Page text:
St. Kitts, according to the Department of Tourism, is 23 miles long and 5 miles across. This lovely, guitar-shaped island boasts miles of deserted beaches, acres of open land, an impressive fort, a gorgeous rain forest and very friendly people. But you want to know about the boating, don’t you?

Good news! There is boating in St. Kitts. Porte Zante, the island’s only such facility, is a combination deep water port for cruise ships, ferry terminal, and marina. The terminal is relatively new, having been rebuilt after being destroyed by a hurricane in 1999. Porte Zante has slips available for visiting yachts.

Boat Charters:

There don’t appear to be any bareboat charters available in St. Kitts; however, The Moorings yacht charter company includes St. Kitts and Nevis in one of their St. Martin bareboat itineraries. Cruisers will find beautiful, secluded anchorages on the southeast side of the island – South Friar’s Bay and Major’s Bay, to name two – but I have been told that they can experience a severe groundswell in winter months.

Day Trips:

There are a number of day boats to go out and play on – from large catamarans, some glass-bottomed, to rented power boats. The resorts have small daysailers for rent (in season) by the hour, and the usual assortment of kayaks, jet skis and snorkel gear are available for rental at various beaches around the island.

Diving:

Reefs and wrecks are abundant in 40 to 100 feet of water – Nevis boasts caves! Arrangements for dive trips can be made at your hotel or you can contact one of half a dozen dive operators directly. Some dive shops have an arrangement with taxi drivers, so that your transportation to and from your hotel is included in the cost of the dive.

Fishing:

The Department of Tourism reports that tuna, wahoo, dorado, kingfish and many other species of fish can be caught in the waters off St. Kitts. Man-made reefs and fish aggregating devices (FADS) are being used to attract small fish inshore, which in turn attract larger bill fish and mahi-mahi. Make arrangements for a fishing charter through your hotel, or check out the listed websites for their contact information.

Other Stuff:

Even the most avid boater will want to take at least one day to see some of the sights on land. Local taxi driver Violet Wigley (869-456-8201 and 869-663-4117) took us on a fabulous tour of the island. St. Kitts is diverse – part of the island is low and dry, part of it has a stunningly beautiful rain forest up in the clouds. We explored a restored fort (Brimstone Hill) that commands a spectacular view of the coast and countryside, shopped in town, and had a delicious lunch at Turtle Beach, where we saw monkeys and the giant, large-tusked pig (who was, fortunately, sleeping soundly). The golfers in our group enjoyed the 18-hole golf course that is right there at the Marriott Resort.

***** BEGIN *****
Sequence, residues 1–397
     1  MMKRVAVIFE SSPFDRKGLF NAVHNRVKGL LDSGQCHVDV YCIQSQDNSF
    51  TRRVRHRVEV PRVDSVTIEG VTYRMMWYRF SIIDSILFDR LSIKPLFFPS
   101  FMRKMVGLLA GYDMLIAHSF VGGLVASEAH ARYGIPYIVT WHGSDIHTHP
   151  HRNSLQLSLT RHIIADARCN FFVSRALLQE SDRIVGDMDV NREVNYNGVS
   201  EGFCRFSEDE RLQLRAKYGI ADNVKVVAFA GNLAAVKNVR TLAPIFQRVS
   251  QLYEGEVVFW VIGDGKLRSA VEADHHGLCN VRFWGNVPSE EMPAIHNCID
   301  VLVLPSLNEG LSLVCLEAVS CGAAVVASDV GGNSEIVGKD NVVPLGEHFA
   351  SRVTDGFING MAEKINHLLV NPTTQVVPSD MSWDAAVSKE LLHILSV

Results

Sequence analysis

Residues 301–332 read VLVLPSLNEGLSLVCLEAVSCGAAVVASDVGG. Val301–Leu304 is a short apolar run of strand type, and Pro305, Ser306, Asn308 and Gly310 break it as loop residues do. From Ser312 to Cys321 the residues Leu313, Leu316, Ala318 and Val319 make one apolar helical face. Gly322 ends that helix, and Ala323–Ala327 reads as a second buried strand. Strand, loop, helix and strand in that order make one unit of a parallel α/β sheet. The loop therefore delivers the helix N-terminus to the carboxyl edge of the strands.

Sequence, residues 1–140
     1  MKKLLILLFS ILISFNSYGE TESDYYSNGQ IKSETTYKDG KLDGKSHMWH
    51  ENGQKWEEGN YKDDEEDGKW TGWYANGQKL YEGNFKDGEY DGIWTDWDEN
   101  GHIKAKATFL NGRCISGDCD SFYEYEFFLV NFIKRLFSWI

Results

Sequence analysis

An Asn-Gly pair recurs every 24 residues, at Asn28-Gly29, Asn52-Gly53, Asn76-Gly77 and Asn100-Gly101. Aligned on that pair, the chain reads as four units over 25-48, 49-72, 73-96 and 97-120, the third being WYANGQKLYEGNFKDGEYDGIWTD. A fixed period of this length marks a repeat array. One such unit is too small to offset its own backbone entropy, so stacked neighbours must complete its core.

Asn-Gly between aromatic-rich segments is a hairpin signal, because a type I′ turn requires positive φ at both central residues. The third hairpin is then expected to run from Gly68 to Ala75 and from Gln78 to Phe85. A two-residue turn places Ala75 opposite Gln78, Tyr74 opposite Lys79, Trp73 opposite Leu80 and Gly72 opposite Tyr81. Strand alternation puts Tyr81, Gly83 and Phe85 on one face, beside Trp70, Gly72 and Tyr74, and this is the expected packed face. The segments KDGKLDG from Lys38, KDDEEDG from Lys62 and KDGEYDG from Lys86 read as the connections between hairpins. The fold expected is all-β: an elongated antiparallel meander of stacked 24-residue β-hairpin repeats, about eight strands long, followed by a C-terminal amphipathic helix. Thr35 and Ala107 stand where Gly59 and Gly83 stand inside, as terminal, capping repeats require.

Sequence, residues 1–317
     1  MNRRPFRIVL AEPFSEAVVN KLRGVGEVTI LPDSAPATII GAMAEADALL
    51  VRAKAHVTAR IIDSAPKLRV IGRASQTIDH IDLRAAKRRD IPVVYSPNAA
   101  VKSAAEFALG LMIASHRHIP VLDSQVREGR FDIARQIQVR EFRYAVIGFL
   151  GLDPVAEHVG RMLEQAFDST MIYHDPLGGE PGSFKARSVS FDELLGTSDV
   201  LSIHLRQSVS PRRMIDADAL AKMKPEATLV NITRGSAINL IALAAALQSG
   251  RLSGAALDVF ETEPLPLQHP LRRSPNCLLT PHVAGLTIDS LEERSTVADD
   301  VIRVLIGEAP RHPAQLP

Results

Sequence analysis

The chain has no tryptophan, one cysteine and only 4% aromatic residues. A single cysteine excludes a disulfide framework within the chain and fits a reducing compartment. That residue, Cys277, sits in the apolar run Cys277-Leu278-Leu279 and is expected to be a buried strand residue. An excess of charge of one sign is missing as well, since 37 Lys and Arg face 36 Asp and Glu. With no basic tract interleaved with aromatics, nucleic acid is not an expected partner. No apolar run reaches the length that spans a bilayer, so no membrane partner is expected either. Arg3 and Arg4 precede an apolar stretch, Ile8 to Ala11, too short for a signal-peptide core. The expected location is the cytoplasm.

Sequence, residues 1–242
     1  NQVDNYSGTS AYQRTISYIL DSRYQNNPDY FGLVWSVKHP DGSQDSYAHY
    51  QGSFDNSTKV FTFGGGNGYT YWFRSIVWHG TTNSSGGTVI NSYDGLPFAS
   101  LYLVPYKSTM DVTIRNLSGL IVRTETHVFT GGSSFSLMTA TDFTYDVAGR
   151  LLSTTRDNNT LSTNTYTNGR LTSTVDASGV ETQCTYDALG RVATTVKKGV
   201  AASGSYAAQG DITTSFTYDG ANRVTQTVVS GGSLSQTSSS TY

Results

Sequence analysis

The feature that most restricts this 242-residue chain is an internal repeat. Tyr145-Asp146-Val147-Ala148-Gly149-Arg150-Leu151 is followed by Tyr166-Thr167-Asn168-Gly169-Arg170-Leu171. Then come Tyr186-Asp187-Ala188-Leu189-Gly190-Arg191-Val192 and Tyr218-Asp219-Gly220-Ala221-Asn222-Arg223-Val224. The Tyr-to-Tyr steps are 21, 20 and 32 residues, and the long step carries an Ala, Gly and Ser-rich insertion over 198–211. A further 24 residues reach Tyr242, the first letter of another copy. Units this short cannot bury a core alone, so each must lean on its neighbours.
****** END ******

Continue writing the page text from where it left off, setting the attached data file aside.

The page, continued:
St. Kitts seems to have something for everyone – golf, spa treatments, pool-side time, beach time, snorkeling, diving, fishing, gambling, etc. Although our off-season trip to St. Kitts coincided with two local holidays (meaning that many attractions and stores were closed) there was plenty for our group to do. We had great time and are already talking about going back.

www.geographia.com/stkitts-nevis
– This “Official Site of the St. Kitts & Nevis Department of Tourism” contains a wealth of information about activities – including boating, diving and diving, hotels, restaurants and events on St. Kitts and Nevis

www.moorings.com – Information on chartering a boat from The Moorings; you can sail from St. Martin to St. Kitts-Nevis.

www.stkitts-tourism.com – More information about St. Kitts, including watersports vendors. This site has a great slide show, interactive map and virtual tours of many island spots (see
the fort and the giant pig), including Porte Zante’s ferry dock and marina.

www.marriott.com
– Check out the newly refurbished Marriott Resort and Royal Beach Casino on St. Kitts – beautiful place, gorgeous grounds, decadent spa, fabulous beach and really, really nice staff.

www.maptech.com
– Buy charts here so you can find that secluded bay on St. Kitts.